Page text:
words by carole walker /
photograph by pete byron
he big picture in healthcare has always been important for Stephen W. Marcella, MD, MPH. In fact, after residencies in medicine as well as pediatrics — and two years studying immunology at the Waksman Institute of Microbiology at Rutgers, his alma mater — it would have been easy for Marcella to take his medical degree and head straight into private practice caring for patients one by one.
But that would have narrowed his focus too much. In fact, this doctor thinks so much bigger that he went back to school nearly a decade after his graduation from New York University School of Medicine to complete a two-year UMDNJ fellowship in healthcare services research in New Brunswick in 1997, and in 1998, earned an MPH in epidemiology from UMDNJ-School of Public Health (SPH). That year he became co-investigator and project manager in a clinical trial assessing whether prostate specific antigen (PSA) testing in clinical practice impacts mortality from prostate cancer. Working with George Rhoads, MD, MPH, professor and associate dean at SPH, he found that there was no evidence from this study that PSA testing as practiced in NJ in the late ’90s had any significant effect on prostate cancer mortality. Marcella notes that the benefits of PSA testing are still being debated. The team is now examining the data to assess whether obesity affects prostate cancer mortality.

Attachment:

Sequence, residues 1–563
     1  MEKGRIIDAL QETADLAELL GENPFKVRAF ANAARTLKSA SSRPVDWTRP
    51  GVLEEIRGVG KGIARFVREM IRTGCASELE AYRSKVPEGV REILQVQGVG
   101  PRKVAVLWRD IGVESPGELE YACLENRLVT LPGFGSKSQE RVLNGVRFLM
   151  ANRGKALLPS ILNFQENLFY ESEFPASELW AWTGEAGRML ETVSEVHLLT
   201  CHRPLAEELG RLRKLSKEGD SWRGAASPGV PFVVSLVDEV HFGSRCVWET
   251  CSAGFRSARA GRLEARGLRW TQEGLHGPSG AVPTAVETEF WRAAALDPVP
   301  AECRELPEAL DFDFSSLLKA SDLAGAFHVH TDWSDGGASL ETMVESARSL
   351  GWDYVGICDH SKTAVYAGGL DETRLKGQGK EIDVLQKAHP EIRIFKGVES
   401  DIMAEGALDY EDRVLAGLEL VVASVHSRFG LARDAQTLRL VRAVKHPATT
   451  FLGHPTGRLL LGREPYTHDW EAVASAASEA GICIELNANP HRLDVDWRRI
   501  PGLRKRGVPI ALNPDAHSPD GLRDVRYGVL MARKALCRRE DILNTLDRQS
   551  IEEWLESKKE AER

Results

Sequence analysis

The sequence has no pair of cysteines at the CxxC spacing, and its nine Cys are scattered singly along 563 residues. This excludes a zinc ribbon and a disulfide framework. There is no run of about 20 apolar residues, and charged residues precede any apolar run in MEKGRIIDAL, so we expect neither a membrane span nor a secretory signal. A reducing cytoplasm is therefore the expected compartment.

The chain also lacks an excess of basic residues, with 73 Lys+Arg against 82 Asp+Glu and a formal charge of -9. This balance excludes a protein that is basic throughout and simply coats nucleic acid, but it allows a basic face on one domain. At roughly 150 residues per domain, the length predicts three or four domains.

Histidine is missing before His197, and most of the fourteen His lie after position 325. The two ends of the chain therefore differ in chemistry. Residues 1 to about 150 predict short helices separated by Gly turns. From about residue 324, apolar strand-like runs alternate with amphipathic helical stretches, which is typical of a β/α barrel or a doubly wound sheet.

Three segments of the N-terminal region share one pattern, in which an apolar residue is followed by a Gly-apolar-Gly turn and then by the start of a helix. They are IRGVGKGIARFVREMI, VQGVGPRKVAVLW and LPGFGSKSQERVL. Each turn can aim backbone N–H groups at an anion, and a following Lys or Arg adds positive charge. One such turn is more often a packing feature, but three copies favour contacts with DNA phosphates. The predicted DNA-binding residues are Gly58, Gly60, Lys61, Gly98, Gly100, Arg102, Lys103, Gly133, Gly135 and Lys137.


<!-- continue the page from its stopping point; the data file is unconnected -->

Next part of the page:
Since then, he has headed up a Foundation of UMDNJ-sponsored study looking at racial treatment differences in colorectal cancer and their potential impact on survival discrepancies. Currently, his “Perchlorate in Breast Milk” study, funded by the NJ Department of Environmental Protection, is examining this potentially toxic but ubiquitous substance, which can enter breast milk through drinking water and residue from certain vegetables. He has recruited more than 100 breast-feeding mothers from the Eric B. Chandler Health Center in New Brunswick. Measurements of the chemical in breast milk, water and urine will be completed by the CDC. Mark Robson, MD, director of the N.J. Agricultural Experiment Station at Cook College, Rutgers University, is co-investigator.
Another of his studies, funded by The Cancer Institute of New Jersey, looks at the potential for using bone mineral density as a risk marker for more aggressive prostate cancer. Marcella will use initial data on 30 participants to propose a multi-site investigation.